Oral arguments in CU’s ADA case conclude; NAFCU awaits decision

first_img continue reading » Oral arguments concluded Tuesday in the case against the Department of Labor Federal Credit Union (DOLFCU) regarding unclear website accessibility standards under the Americans with Disabilities Act (ADA). NAFCU attended the arguments, held by the U.S. Court of Appeals for the Fourth Circuit; NAFCU has also filed an amicus brief in support of the credit union in this case, and also stood by DOLFCU during its first hearing earlier this year.“NAFCU and our member credit unions are awaiting a decision at the appellate level, which could set a heavier precedent than those we’ve already seen from lower court cases,” said Carrie Hunt, NAFCU’s executive vice president of government affairs and general counsel. “Credit unions strongly support ADA protections, but they have been targeted by meritless lawsuits because of unclear guidance on website applicability standards.”Hunt and Vice President of Regulatory Compliance Brandy Bruyere attended Tuesday’s arguments, in which the panel of judges was engaged and well versed on the issue. NAFCU expects a decision to be issued in the upcoming month; the association will keep credit unions updated. ShareShareSharePrintMailGooglePinterestDiggRedditStumbleuponDeliciousBufferTumblrlast_img read more

Read More →

Syracuse content with compact stadium despite increased attendance

first_img Facebook Twitter Google+ Published on August 31, 2015 at 7:56 pm Contact Jon: [email protected] | @jmettus The lines to buy tickets into SU Soccer Stadium stretched through the parking lot and nearly to Manley Field House. Any seating available in the bleachers filled up well before kickoff and fans were sent to the hill in front of East Colvin Street to watch the game.The aftermath was a scene of trash, torn up grass and mud on the hill as a record 2,533 fans watched Syracuse beat Duke and advance to the Atlantic Coast Conference tournament semifinals on a chilly 45-degree day in early November. It topped the previous record of 2,442 set just two months earlier against then-No. 4 Notre Dame.“Best atmosphere ever,” senior midfielder Juuso Pasanen said. “I love when the hill gets packed, oh my goodness. It feels good every time.”Five times during the best-ever season for the Orange, the number of fans exceeded the seating capacity of SU Soccer Stadium, turning the trampled hill into a common occurrence.But despite being one of the top teams in the ACC last season and in the top half in average attendance, Syracuse has the third-smallest venue with a maximum seating capacity of 1,500 fans.  With the support of the team growing and new attendance records being set, fans are pushing the venue to its limit.AdvertisementThis is placeholder text“As the program grows that crowd keeps coming out,” junior forward Chris Nanco said.  “… We love the support.”During head coach Ian McIntyre’s first season in 2010, SU won only two games and attracted just 839 fans per home contest. Nanco recalls not seeing as much support for the team on his recruiting visit to Syracuse as there is now.Logan Reidsma | Photo EditorLast year, an average of 1,424 fans attended each home game, watching Syracuse reach No. 1 in the country. The Manley South parking lot consistently overflowed with cars and students packed busses heading from Main Campus to the soccer field.The Orange’s average attendance filled 94.9 percent of its stadium capacity — the sixth-highest percentage in all of Division-I soccer. Louisville, the closest ACC school on that list, satisfied just 67.4 percent of its capacity.SU’s five times surpassing the seating capacity of the field accounted for nearly half of its home games. Only two other schools in the ACC — Boston College and Louisville — broke their seating max more than once.“When we’ve played well and had a good atmosphere our stadium has been cooking,” McIntyre said. “It’s not just a soccer match, it’s an event.”Chloe Meister | Presentation DirectorThe only two schools in the ACC with smaller stadiums — Boston College and Pittsburgh — were the worst teams in the conference, combining for just one ACC win. Boston College’s venue fits 1,000 fans while Pittsburgh’s holds 735.On the other end, Clemson’s 28-year-old venue boasts a 6,500-person capacity and recently underwent renovations. Louisville unveiled an $18.5 million soccer complex in 2014 that fits over 5,300 and Pasanen called “amazing.”“Those stadiums are always tough to play in when the other team has that many fans in the crowd,” Nanco said.SU Soccer Stadium, which opened in 1996, pales in comparison to the size of fields of the other top teams around the conference.Nanco and Pasanen said they like SU Soccer Stadium’s compact layout and the ability for fans to stand or sit practically on the field. It creates a feeling of togetherness, Nanco added, while Pasanen said he doesn’t want to see seats go up on the hill.Chloe Meister | Presentation DirectorIf the popularity of the team and attendance continue to climb each year, the stadium will continuously reach its max capacity and may force fans to watch games from beyond the fences around the stadium.McIntyre doesn’t know whether or not fans would fill a 5,000-person stadium and said any changes to the soccer facilities aren’t his decision to make. Though there are nice stadiums around the country, he said, he wouldn’t swap out SU Soccer Stadium for another.“You want a facility where on certain occasions you have it packed to the rafters and we’ve been able to do that the last couple years,” McIntyre said. “… We’ve got to ensure that we keep playing well and keep bringing people back and if there becomes a problem then that becomes a good problem to have.” Commentslast_img read more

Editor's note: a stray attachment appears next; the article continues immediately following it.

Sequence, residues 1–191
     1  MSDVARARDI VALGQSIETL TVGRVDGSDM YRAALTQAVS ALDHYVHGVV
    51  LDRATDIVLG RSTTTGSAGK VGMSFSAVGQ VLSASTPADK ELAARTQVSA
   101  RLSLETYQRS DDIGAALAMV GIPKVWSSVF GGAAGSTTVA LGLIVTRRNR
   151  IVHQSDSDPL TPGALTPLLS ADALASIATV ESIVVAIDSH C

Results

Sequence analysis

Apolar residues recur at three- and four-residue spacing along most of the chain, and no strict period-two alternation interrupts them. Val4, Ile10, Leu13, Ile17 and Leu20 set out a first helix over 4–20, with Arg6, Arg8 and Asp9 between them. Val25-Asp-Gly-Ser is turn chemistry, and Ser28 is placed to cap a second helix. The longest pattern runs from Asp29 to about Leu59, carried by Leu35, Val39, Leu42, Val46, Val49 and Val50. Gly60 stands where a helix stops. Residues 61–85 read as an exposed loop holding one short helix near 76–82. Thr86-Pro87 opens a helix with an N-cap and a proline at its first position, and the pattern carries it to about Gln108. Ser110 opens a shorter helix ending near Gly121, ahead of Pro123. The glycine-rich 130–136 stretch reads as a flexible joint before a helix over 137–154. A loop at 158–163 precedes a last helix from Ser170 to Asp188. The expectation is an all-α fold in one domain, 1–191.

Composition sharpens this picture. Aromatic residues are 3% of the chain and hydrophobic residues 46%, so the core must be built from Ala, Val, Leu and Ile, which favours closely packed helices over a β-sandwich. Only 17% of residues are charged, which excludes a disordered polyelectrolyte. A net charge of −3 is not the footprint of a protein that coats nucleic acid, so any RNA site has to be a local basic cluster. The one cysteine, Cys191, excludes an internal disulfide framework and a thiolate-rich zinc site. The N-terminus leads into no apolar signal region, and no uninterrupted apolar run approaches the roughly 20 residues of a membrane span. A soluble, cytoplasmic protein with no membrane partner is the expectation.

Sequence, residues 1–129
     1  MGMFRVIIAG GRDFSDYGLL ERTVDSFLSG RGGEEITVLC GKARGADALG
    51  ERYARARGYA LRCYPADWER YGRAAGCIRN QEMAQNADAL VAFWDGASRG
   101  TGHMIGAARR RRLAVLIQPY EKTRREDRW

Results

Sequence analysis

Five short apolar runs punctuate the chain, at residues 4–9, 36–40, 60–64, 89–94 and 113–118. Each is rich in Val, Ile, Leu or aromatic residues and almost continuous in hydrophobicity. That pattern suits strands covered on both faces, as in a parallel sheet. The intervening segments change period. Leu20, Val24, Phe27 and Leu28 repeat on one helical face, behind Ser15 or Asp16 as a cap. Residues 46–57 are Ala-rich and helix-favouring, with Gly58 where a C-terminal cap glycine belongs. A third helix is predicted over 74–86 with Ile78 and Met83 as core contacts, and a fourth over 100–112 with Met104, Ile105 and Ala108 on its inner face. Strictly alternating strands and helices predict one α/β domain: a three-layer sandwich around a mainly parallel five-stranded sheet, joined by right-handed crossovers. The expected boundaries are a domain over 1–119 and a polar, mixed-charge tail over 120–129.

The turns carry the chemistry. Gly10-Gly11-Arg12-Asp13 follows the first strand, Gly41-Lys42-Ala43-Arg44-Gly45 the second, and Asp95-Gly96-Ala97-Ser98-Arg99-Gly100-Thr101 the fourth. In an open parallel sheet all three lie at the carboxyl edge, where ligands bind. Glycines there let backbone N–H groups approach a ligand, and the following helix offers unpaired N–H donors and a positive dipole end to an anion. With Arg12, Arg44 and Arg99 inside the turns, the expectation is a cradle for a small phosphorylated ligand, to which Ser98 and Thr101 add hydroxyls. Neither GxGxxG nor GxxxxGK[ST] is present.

Read More →